Recruitment among density manipulated populations of a Caribbean gorgonian
Howard Lasker Principal Investigator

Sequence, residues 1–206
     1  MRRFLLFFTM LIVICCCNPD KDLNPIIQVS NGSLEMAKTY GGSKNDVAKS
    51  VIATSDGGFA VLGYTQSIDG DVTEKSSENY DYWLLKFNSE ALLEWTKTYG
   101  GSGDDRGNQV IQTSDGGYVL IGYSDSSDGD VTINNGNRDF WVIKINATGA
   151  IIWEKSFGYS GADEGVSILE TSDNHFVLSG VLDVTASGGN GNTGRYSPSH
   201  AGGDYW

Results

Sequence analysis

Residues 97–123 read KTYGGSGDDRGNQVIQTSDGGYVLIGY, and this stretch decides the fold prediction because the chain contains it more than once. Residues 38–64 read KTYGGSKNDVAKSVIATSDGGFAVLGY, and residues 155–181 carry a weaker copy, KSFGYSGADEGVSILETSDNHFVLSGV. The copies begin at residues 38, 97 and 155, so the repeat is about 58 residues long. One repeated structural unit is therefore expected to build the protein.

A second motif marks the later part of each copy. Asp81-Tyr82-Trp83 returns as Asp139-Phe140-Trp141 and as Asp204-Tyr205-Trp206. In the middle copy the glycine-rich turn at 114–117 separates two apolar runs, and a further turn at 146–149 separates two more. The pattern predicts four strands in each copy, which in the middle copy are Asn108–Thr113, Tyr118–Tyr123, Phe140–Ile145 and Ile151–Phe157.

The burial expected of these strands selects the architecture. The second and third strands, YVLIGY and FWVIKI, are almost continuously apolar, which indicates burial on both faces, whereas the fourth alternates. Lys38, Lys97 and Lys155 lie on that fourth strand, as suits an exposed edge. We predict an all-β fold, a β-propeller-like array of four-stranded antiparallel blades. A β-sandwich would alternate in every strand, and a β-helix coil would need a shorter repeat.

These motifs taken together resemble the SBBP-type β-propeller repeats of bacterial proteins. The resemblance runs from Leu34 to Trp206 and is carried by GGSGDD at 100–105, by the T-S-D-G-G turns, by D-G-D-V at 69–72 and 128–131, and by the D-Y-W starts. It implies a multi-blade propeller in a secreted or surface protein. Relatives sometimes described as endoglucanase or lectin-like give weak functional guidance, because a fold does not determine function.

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Recruitment, the addition of new individuals to populations, has played a prominent role in analyses of the population dynamics of marine benthic species. Understanding whether recruits come from local populations (closed populations) or from distant sources (open populations) is essential to our understanding of the dynamics of benthic populations and to the conservation and management of benthic species. These questions are of particular importance for coral reef communities, which are increasingly at risk and require the development of sound conservation policies.<br/><br/>Assessing whether populations are closed or open is methodologically difficult and most such analyses have been inferential in nature. Direct and large?scale manipulations of the density of reproductive individuals could be used to experimentally test whether or not a population is open, but in most cases such manipulations are difficult to undertake due to logistical and environmental constraints. The large?scale manipulation of density of a single species is currently being generated by the harvest of the Caribbean gorgonian, Pseudopterogorgia elisabethae in the Bahamas. P. elisabethae colonies are cropped on a 2?3 y rotation and after harvest are no longer of reproductive size. This has created a mosaic of areas all of which can support the species but some of which produce dramatically reduced numbers of eggs and larvae. Examining recruitment in these areas and across a hierarchy of spatial scales, both after harvest and as the number of reproductive colonies increases, will provide a unique opportunity to directly determine whether P. elisabethae populations are closed and on what scale. Recruitment will be monitored follow annual spawning events on the Little Bahama Bank and the origin of recruits assessed from DNA microsatellite analyses of the recruits.<br/><br/>Broader Impacts<br/><br/>The broader impacts of the study are in large part based on it addressing one of the fundamental questions of marine ecology, whether marine populations are open or closed. In addition, the study focuses on a commercially important species that is currently being harvested in the Bahamas and is under investigation for harvest elsewhere in the Caribbean. The study should therefore be of broad interest to stakeholders such as governmental and nongovernmental organizations interested in the conservation and management of coral reefs.<br/><br/>Educational aspects of the project fall into two categories. Firstly, the project will involve the participation and training graduate and undergraduate students from both the U.S. and the Bahamas. Secondly, the research will form the basis for a case study to be developed for the National Center for Case Study Teaching in Science. The case study will emphasize the process by which research is developed as well as the results of the research. The case study will be used in University at Buffalo undergraduate classes and through the Center's website will be available to instructors throughout the country.